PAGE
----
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Banking Essentials - Part I

This pathway will walk us through the basics of banks, starting with some of the different types and their main functions, then starting to look at the regulation faced by the banks, both before and after the Global Financial Crisis.

Greenwashing

Greenwashing is the act of distributing false information about something being more environmentally friendly than it actually is.

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Connect Finance Unlocked to your current platform

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Tackling the Cost of Living Crisis

In this video, Max discusses the cost-of-living crisis currently enveloping the UK. He examines its impact on households as well as the overall economy.

CSR and Sustainability in Financial Services

In the first video of this two-part video series, Elisa introduces us to sustainability. She begins by looking at the difference between sustainability and corporate social responsibility, two terms that can be easily confused.

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What is the Difference Between Loans and Bonds?

What is the Difference Between Loans and Bonds?

Farouk Ramzan

25 years: Senior executive in banking

Loans and bonds have a number of key differences which lead them to be used by different issuers and investors - Farouk analyses a handful of these.

Loans and bonds have a number of key differences which lead them to be used by different issuers and investors - Farouk analyses a handful of these.

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What is the Difference Between Loans and Bonds?

26 mins 57 secs

Key learning objectives:

  • Explain the relationship angle

  • Describe pricing differences

  • Define four more key aspects

  • Identify the biggest real-world difference between loans and bonds

  • Recognise the parties to loan and bond transactions

Overview:

Loans and bonds are both used by companies to borrow money. There are many similarities between the two instruments but some very fundamental differences.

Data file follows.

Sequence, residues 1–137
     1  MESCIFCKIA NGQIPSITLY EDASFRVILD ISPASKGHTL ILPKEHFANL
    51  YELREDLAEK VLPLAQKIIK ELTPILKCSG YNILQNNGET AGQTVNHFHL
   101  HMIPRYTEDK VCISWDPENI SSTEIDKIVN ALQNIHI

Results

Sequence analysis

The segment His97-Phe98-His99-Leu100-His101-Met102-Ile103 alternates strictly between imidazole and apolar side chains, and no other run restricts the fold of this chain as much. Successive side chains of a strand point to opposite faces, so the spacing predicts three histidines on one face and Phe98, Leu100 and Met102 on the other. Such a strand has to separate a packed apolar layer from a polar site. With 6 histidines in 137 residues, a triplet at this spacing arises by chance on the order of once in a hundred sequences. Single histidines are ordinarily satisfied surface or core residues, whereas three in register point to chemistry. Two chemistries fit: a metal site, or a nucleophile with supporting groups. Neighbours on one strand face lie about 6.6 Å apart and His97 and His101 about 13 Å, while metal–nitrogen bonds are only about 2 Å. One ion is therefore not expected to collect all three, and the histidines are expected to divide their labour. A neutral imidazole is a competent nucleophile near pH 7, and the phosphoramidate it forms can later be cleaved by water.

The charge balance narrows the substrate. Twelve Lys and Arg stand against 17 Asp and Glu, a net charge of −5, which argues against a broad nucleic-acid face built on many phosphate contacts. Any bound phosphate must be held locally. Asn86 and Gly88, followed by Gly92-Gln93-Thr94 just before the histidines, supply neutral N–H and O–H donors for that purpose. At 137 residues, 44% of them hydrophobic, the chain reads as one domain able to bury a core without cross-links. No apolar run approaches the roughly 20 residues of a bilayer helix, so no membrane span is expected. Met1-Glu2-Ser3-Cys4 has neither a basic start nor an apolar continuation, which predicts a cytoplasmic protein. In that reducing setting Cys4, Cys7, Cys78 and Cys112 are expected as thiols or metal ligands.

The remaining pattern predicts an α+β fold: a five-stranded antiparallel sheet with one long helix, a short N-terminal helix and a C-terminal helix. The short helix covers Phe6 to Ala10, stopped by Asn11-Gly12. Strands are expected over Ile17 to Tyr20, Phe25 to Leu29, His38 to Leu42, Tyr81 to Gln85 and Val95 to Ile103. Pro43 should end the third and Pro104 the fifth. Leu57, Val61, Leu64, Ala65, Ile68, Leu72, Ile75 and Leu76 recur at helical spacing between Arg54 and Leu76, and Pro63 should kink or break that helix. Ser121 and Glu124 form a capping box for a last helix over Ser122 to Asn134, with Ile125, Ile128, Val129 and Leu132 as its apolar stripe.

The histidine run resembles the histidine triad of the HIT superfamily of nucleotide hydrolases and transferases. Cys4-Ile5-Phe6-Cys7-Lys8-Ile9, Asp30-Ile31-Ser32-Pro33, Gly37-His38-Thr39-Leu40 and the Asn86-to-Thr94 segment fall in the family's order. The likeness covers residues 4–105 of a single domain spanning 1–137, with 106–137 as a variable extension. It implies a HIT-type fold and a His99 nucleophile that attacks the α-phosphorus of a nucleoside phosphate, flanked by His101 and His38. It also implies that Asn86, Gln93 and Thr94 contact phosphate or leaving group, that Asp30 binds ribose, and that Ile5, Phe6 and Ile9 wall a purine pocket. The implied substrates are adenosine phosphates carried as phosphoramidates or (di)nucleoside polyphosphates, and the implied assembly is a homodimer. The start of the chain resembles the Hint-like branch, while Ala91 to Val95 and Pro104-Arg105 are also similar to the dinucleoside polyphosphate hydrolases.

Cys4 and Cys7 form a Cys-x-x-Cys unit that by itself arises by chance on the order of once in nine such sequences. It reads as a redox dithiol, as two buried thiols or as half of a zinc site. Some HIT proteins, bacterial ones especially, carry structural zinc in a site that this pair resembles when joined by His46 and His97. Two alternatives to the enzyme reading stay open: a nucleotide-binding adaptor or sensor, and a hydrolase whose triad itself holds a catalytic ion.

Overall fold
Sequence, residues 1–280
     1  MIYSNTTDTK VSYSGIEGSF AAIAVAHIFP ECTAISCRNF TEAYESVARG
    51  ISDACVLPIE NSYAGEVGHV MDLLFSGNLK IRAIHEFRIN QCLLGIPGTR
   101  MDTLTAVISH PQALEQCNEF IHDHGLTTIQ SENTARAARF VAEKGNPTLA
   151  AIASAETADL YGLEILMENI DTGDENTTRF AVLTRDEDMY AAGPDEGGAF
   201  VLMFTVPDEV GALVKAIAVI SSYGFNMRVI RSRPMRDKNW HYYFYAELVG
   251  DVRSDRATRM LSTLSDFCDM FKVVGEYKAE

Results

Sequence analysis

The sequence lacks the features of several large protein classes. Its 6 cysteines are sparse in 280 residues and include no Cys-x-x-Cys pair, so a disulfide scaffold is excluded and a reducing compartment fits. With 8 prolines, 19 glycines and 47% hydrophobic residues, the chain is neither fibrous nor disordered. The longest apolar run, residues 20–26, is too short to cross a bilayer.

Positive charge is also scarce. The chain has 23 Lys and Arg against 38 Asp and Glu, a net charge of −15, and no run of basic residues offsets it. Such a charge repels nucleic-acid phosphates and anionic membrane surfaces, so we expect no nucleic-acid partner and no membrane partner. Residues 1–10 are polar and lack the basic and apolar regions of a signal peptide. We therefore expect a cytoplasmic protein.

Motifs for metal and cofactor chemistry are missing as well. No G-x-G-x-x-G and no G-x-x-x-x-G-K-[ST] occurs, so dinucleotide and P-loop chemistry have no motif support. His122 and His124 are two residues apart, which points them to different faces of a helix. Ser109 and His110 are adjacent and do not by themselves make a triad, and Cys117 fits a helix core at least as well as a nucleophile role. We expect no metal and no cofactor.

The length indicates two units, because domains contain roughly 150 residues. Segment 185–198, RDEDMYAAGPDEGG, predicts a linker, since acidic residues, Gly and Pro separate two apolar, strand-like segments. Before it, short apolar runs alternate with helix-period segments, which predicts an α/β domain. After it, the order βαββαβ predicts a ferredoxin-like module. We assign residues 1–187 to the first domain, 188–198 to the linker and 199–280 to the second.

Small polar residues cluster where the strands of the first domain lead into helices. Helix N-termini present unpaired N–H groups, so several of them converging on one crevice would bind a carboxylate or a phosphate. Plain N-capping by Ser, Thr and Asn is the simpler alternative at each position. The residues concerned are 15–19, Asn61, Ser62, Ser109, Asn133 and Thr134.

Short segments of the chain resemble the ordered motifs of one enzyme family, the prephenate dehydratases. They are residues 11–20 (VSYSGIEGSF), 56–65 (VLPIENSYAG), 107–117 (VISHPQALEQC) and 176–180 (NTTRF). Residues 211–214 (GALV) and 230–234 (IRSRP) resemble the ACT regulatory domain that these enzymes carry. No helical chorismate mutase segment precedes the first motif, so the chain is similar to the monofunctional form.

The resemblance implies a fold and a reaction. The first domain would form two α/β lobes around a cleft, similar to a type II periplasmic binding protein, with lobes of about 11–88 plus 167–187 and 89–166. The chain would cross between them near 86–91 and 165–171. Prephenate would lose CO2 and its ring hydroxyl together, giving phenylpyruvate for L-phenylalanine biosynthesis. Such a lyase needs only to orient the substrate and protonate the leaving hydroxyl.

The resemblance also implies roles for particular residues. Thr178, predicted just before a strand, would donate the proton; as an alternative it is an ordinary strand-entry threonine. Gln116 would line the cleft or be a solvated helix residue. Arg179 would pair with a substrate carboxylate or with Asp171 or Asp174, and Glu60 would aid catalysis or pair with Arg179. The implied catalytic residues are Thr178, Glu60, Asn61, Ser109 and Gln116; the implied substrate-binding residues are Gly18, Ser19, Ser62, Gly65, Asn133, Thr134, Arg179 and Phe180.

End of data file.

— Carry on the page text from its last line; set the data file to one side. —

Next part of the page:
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Summary

What is the biggest real-world difference between loans and bonds?

  • A bond is drawn from day one. All key bond terms are agreed on Day 1: maturity date, coupon (interest payment), size, pricing, and settlement date.
  • A loan can be structured as committed but is undrawn so there is a lot less certainty on Day 1 since they are typically facilities where the lending bank or banks commit to provide funding over the life of the transaction – but only when the borrower wants the money.
  • Loans are more like guaranteed overdrafts. Borrowers may never draw on the loan or may draw the funds at the earliest opportunity or anything in between. This type of loan is called a Revolving Credit Facility.

Who are the parties to loan and bond transactions?

  • Large corporate loans are typically syndicated i.e. the borrower borrows from a syndicate of banks each making individual commitments to the total facility size. Lenders tend to be banks; although non-bank funds actively lend money in the form of loans.
  • Almost all bond issues are syndicated and there is almost no limit to the number of investors in a bond issue. Because bonds are freely tradable, over the life of the transaction they might end up in the hands of even more investors as they are bought and sold.
  • There is a far greater diversity of lenders (investors) in the bond market than in the loan market: insurance companies, fund managers, hedge funds, high net worth individuals and banks.

Explain the relationship angle

  • A bond may be the only connection between borrowers and investors.
  • Loans are typically provided by banks to entities with which they have a relationship and to which they already provide services.